This blog post is relevant for Councils who want to make sure they are reporting the energy consumption of streetlights in their Local Government Area under the right carbon accounting scope.

This blog post assumes prior knowledge of carbon accounting. If you would like to find out more about how to develop carbon inventories, we highly recommend you download the GHG Protocol Corporate Accounting Standard, or talk to us about developing your carbon footprint.

The energy consumption of street lighting

Streetlighting is usually owned by network operators and is mostly unmetered. The Australian Energy Market Operator (AEMO) maintains the “National Electricity Market Load Tables for Unmetered Connection Points”, including street lighting. The NEM load tables list all tested street lighting devices, including their full wattage as tested in each state and territory in the NEM.

For every Local Government Area, network operators apply hours of operation (typically dusk to dawn) to the NEM load table wattage for all installed unmetered street lights to determine monthly electricity consumption.

Where street lighting is metered the Council will simply receive electricity bills that record the actual electricity consumed in each billing period.

The higher the power rating of a particular luminaire, the higher the energy consumption and the related charges. This is why it makes sense for Councils to consider bulk upgrades to LED lighting.

The carbon footprint of street lighting

Street lighting makes up a significant proportion of a Council’s carbon footprint, especially in metropolitan areas, where there are many streetlights. Upgrading to LED lighting makes sense from a financial perspective, but it also significantly lowers the carbon footprint of street lighting.

The carbon footprint of street lighting is made up of the energy consumption of the street lighting, as well as the transmission and distribution (T&D) losses in getting the energy from the power generators to the luminaires.

Accounting for street lighting from the network operator’s perspective

The energy consumption of the streetlights is classified as ‘Scope 2’ from the network operator’s perspective. The T&D losses are also classified as ‘Scope 2’ from the network operator’s perspective, as the network ‘consumes’ the electricity.

Accounting for street lighting from a council’s perspective

Under standard carbon accounting rules, one could assume that a council should classify street lighting as a Scope 3 emissions source to avoid double counting.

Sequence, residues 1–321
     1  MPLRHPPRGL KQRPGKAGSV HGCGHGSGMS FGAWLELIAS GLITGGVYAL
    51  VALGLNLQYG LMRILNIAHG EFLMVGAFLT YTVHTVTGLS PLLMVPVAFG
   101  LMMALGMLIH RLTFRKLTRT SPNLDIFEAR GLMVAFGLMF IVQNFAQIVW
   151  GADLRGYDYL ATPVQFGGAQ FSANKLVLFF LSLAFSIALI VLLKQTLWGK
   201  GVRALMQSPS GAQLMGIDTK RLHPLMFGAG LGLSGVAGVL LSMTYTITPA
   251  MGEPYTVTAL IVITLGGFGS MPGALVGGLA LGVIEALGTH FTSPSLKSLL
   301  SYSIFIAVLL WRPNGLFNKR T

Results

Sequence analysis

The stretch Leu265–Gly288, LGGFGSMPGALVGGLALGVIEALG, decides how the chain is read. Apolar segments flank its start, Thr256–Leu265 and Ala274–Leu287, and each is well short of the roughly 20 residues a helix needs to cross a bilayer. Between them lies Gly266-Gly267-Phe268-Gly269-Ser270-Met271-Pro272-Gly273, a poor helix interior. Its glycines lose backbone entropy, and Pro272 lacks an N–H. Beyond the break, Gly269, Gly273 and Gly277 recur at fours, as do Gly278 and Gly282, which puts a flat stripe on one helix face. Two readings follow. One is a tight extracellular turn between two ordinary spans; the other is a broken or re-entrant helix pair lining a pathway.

However, it depends on what approach is used to consolidate carbon emissions. According to the GHG Protocol Corporate Accounting Standard, there are two approaches: the equity share and the control approaches.

Under the equity share approach, a council would report street lighting under Scope 3 if the network operator owns the street lights.

However, if a council is using an ‘operational control’ approach in their carbon accounting, it comes down to the question of what entity has the ‘operational control’.

The answer to this question determines whether a council would classify the energy consumption of streetlights as a ‘Scope 2’, or as a ‘Scope 3’ emission.

Some councils believe that the network operator has control. Others view that council has operational control, for the following reasons:

  • council pays for the asset through amortisation of the capital expenditure and for O&M expenses including electricity, and
  • council can decide whether they want a lighting upgrade or not.

Examples of how councils report their street lighting energy use

The following table shows a small selection of councils and how they account for the electricity consumption of street lighting.

CouncilScope classification of energy consumption of street lighting
Brisbane City CouncilScope 2 for Council-controlled streetlights
Scope 3 for third-party controlled streetlights
City of SydneyScope 2 (network-owned streetlighting deemed to be within the City’s financial control)
City of YarraScope 3
Moreland City CouncilScope 3
Randwick City CouncilScope 3

Under what scope should a council report its street lighting energy use?

Operational control is the most important consideration, but there are others you should be aware of. We have developed the following table which can help you make the right decision.

PreferenceResultant scope for the energy consumption of street lighting
Council deems street lighting to be under its operational controlScope 2
Council deems street lighting to be under the operational control of the network providerScope 3
Council wants to avoid double counting of emissionsScope 3